A New Jersey mother says her 8-year-old son was booted out of their local Cub Scouts chapter because he is transgender, just a month after he was first allowed to join.
The Record reports that 8-year-old Joe Maldonado had been a member of Cub Scout Pack 87 in Secaucus for about a month when a local scouting official called his mother to say he could no longer be a part of the group after some parents complained.
“It made me mad,” Maldonado told the paper. “I had a sad face, but I wasn’t crying. I’m way more angry than sad. My identity is a boy. If I was them, I would let every person in the world go in. It’s right to do.”
Maldonado's mother, Kristie, said she was shocked by the call because they hadn't kept her son's gender identity a secret, and he was accepted as a boy at school.
The Boy Scouts of America, which runs Cub Scouts, has a checkered history of dealing with LGBTQ rights, but appeared to be making progress in recent years. In 2015, the organization lifted bans on openly gay kids and adults participating in scouting groups but kept in place a loophole to allow religious groups to turn away leaders based on their sexuality.
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BSA does not appear to have a formal, written policy about transgender scouts. The local Boy Scouts did not respond to questions from Fusion, but referred other media outlets to the national organization, which released a statement that was fairly hostile to transgender kids.
"No youth may be removed from any of our programs on the basis of his or her sexual orientation," the statement by communications director Effie Delimarkos read. "Gender identity isn't related to sexual orientation.''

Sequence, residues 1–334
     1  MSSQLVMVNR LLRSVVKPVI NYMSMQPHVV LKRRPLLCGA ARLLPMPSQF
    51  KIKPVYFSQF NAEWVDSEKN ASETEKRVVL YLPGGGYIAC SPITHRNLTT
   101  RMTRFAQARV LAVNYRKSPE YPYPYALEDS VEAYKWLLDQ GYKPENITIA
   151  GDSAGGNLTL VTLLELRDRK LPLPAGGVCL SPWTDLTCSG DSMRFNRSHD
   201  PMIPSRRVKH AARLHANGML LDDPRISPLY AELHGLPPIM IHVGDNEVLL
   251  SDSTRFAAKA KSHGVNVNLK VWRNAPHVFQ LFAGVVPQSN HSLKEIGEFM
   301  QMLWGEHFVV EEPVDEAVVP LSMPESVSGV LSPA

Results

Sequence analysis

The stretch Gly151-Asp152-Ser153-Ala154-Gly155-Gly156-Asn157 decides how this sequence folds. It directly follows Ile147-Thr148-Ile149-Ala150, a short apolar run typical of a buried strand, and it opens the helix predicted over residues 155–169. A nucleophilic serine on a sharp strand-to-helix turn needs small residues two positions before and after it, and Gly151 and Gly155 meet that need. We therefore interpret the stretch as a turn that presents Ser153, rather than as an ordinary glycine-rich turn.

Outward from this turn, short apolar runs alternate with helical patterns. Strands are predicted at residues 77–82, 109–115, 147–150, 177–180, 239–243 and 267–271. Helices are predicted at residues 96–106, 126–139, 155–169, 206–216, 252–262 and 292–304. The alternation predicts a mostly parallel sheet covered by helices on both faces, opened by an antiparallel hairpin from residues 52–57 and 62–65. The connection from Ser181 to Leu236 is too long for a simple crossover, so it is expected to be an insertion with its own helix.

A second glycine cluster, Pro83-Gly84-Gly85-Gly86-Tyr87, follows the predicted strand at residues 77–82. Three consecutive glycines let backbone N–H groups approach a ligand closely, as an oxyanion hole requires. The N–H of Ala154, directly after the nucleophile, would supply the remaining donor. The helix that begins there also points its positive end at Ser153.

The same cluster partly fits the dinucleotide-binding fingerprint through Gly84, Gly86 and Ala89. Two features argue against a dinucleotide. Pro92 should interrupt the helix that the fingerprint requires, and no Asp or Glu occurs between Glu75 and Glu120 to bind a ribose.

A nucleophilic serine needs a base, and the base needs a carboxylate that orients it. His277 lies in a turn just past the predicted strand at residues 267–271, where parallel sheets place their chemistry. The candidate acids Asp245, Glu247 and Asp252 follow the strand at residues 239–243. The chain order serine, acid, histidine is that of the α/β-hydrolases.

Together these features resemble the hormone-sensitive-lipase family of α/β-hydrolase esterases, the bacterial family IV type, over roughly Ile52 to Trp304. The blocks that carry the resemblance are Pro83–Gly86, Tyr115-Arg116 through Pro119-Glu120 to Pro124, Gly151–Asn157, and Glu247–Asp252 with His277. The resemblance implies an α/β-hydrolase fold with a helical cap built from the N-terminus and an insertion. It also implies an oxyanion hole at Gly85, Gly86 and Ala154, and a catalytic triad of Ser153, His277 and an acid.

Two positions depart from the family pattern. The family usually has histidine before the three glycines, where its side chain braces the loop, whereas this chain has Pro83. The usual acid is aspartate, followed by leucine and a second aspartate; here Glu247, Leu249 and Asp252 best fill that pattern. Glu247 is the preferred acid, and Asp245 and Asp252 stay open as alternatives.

The statement also said that Boy Scouts is for children who are identified as boys on their birth certificates.
In the scouting world, this hang-up is unique to the Boy Scouts. The Girl Scouts have long had an inclusive membership policy that allows any child who identifies as female to join:
Placement of transgender youth is handled on a case-by-case basis, with the welfare and best interests of the child and the members of the troop/group in question a top priority. That said, if the child is recognized by the family and school/community as a girl and lives culturally as a girl, then Girl Scouts is an organization that can serve her in a setting that is both emotionally and physically safe.
BSA told CBS News that it offered Maldonado a spot in its "family alternative, co-ed programs," which seems like a a very wordy way of saying "sorry, not sorry." Either way, Kristie Maldonado said she's not interested.